Preliminary Accountability Ratings for RISD & Schools Now Available
Richardson ISD is expected to receive a state accountability rating of B, with scale score of 88, when the Texas Education Agency releases statewide ratings on August 15. In addition, RISD schools are expected to receive individual state accountability ratings between A-D, marking the first time since 2015–16 that no RISD campus will be designated as Improvement Required.
The accountability ratings are based primarily on student academic performance on the state STAAR test, focusing on overall scores, performance growth of individual students, closing the achievement gaps, and college, career, and military readiness. While school districts received letter grade ratings in 2018 (RISD received a B), 2019 marks the first year that letter ratings have been assigned to schools.
“Overall, we’re pleased with the academic growth of students,” said RISD Superintendent Dr. Jeannie Stone. “While challenges certainly remain, we know that overall, our blend of curriculum, resources, and interventions are working, and we anticipate student growth to continue.”
See Preliminary 2019 RISD campus ratings
RISD as a district earned a rating of A (scale score 91) when performance is considered relative to other school districts with similar demographic makeups. In addition, RISD as a district closed the achievement gap between white students and minority students on 11 of 13 indicators in Reading/ELA and on 12 of 13 indicators in Mathematics. The district as a whole also met all 12 possible indicators in College, Career, and Military Readiness.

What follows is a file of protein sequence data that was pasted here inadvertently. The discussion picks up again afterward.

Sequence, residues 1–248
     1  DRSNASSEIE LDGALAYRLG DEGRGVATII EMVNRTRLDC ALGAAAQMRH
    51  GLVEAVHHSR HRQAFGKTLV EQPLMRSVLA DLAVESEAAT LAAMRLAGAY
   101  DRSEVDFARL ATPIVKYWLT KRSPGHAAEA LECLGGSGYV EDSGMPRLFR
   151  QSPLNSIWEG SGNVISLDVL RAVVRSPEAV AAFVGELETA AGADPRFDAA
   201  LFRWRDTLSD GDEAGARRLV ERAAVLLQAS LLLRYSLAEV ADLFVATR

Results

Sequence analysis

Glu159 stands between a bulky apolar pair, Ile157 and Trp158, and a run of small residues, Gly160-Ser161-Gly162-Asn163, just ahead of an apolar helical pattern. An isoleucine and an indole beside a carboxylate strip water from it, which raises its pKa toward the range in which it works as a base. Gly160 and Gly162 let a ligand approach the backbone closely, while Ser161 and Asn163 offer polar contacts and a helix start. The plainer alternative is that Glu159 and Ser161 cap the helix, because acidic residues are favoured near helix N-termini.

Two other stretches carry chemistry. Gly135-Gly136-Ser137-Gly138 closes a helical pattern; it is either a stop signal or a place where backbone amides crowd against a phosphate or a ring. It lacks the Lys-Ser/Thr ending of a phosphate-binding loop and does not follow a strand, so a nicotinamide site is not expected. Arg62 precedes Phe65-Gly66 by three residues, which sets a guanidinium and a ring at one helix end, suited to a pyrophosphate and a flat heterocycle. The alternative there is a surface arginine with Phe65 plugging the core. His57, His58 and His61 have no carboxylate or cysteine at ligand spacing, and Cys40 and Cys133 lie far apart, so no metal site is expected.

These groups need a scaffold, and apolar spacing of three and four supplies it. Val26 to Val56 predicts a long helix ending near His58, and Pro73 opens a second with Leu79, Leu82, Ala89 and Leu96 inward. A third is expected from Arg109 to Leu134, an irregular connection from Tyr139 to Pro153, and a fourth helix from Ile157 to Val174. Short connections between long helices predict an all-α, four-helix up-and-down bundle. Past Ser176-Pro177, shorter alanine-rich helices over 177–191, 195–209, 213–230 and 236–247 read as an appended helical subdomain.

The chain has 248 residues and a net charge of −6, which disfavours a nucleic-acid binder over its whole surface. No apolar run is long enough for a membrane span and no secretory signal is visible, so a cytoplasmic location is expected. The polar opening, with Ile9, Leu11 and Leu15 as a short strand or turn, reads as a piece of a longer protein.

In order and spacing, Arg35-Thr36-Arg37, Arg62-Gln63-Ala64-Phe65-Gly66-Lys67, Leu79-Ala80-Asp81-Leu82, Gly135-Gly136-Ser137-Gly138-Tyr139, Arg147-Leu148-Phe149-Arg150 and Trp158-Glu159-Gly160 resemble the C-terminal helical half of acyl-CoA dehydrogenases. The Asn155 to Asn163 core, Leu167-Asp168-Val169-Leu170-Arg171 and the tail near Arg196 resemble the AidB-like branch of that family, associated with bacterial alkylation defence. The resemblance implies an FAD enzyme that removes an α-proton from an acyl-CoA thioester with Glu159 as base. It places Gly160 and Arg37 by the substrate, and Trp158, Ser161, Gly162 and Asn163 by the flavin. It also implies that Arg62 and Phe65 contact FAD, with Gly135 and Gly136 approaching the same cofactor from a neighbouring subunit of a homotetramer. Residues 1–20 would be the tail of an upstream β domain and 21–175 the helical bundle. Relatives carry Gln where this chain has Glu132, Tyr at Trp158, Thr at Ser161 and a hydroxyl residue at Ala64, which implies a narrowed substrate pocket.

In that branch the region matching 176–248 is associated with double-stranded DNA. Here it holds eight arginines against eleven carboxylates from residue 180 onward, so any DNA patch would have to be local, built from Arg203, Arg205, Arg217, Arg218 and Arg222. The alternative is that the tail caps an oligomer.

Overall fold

RISD’s four ACE (Accelerating Campus Excellence) schools each demonstrated overall academic growth under the accountability system. “Some of the academic gains made at our ACE campuses are extremely impressive,” said Stone. “I’m very proud of the hard work that those educators and students are doing, and the sky is the limit for our ACE scholars.”
“While much of the news is positive, the ratings have helped us focus in on academic areas where we need to be better,” continued Stone. “We remain firmly committed to our stated strategic goal of all students reading on grade level by the third grade. That goal and commitment is one reason that we implemented a new curriculum this past year, and we attribute a lower than expected rating at some schools to that implementation. We know statistically that performance can be negatively impacted the first year that a new curriculum is implemented because it can take time for teachers to develop expertise and mastery in the content. Through the work this year of our Early Literacy Action Team and robust professional learning for our K-8 Reading and English/Language Arts teachers, we are confident of student performance gains in early elementary literacy moving forward.”